Tuesday, February 24, 2009

Romantic Dining with Cottage Chic Collectibles

"Romantic Victorian Style" also referred to as "Country Victorian", is a great look for collectors and home owners who enjoy combining cottage chic with turn of the century elegance. Borrowing design elements from earlier times, the romantic cottage collector enjoys the "feminine" touches that were prevalent during the Victorian period but not the dark and heavy textiles, window treatments, and furniture.

Flowers are everywhere… as patterns on china, tablecloths, napkins, draperies, and wallpaper. Elaborate bouquets of either fresh or dried flowers in attractive vases are always present. Roses are by far the most popular motif for the romantic cottage collector. Hand-painted china, vases, gorgeous serving pieces, collections of decorative plates, figurines, and candlesticks are all very desired collectibles. Buffets, china cabinets, and dining room sets are painted white or pink and showcase lovely collections of floral teapots, cups and saucers, creamers, pitchers and other dining accessories.
Ornate crystal chandeliers, Italian tole, and decorative sconces are very compatible with divine dining. You will find fine examples of these romantic style collectibles in my new book Hot Cottage Collectibles for Vintage Style Homes.

"Cottage Chic" is really a perfect choice for homeowners who want to add a little pizzazz to their holiday table without going over budget. Because "Romantic-County Victorian"allows you to blend the new with the old, you can use what you have or add a few elegant touches.

For example, set your table in style by finding a beautiful older tablecloth to overlay atop you newer tablecloth. Many hand embroidered or lace square or round cloths make gorgeous additions to you holiday table. Check for stains, holes and missing stitches when buying older linens .Colorful floral tablecloths from the 1940s-1950s with pink or red roses are also attractive to use.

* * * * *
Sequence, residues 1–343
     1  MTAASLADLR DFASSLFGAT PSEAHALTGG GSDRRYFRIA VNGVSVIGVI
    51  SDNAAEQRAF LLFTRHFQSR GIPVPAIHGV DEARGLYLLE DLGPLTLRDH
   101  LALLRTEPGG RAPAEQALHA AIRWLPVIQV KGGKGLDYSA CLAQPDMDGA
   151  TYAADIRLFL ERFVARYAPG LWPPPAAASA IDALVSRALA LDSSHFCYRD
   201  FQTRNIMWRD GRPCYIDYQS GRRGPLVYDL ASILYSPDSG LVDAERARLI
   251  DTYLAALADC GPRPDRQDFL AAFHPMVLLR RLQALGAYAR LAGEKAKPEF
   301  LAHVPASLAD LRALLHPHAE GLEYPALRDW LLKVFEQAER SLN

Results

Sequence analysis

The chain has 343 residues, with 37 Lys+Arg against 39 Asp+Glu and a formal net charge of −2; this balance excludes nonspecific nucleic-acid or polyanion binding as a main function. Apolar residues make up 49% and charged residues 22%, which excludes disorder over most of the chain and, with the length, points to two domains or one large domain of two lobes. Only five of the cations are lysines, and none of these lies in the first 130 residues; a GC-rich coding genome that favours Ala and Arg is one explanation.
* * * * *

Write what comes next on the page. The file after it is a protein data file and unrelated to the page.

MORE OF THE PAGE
This is the time to take an old silver plated pitcher or pottery vase and fill with flowers. If you have a closet of decorative plates passed down from grandma or your favorite aunt, bring them out and use them to serve condiments, appetizers,desserts etc. Mixing different kinds of china plates is fun and very "in" today.

You may also enjoy serving tea or coffee in pretty vintage tea cups. It's time to take these lovely china cups out of your buffet closet and use them! What are you waiting for ? If you need to buy a few more cups, go ahead and visit your nearby antique shop or on-0line auction. These collectibles are readily available and so easy to find.

A hand painted creamer and sugar set are also darling additions to your special table. When buying china, always run your finger around the inside of the rim to check for chips. Pass up pieces with cracks, crackling or discoloration. On the other hand if you chip a china teapot, pitcher or creamer that you have, don't despair, re-purpose them .......use them for flowers.

Suppose you break a few dishes along the way, hang onto the pieces. Broken china is very collectible. Many people enjoy the craft of broken china mosaics, also called "pique-assiette." When it comes to "cottage chic" everything can be used for something.
Photo shown above courtesy of Hot Cottage Colectibles for Vintage Style Homes

C. Dianne Zweig is the author of Hot Kitchen & Home Collectibles of the 30s, 40s, 50s and Hot Cottage Collectibles for Vintage Style Homes. She is also the Editor of Iantiqueonline.com an actively growing internet based resource community for people who buy, sell or collect antiques, collectibles and art. You can find Dianne’s fabulous retro and vintage kitchen, home and cottage collectibles at The Collinsville Antiques Company of New Hartford, CT, a 22,000 feet antique emporium with an in-house retro cafĂ©.

To read more articles by C. Dianne Zweig click on this link:
C. Dianne Zweig’s Blog Kitsch ‘n Stuff

Email me at dianne@cdiannezweig.com

Visit my website, CDianneZweig.com

Dianne is a member of:
The American Society of Journalists and Authors
The Authors Guild, Inc.

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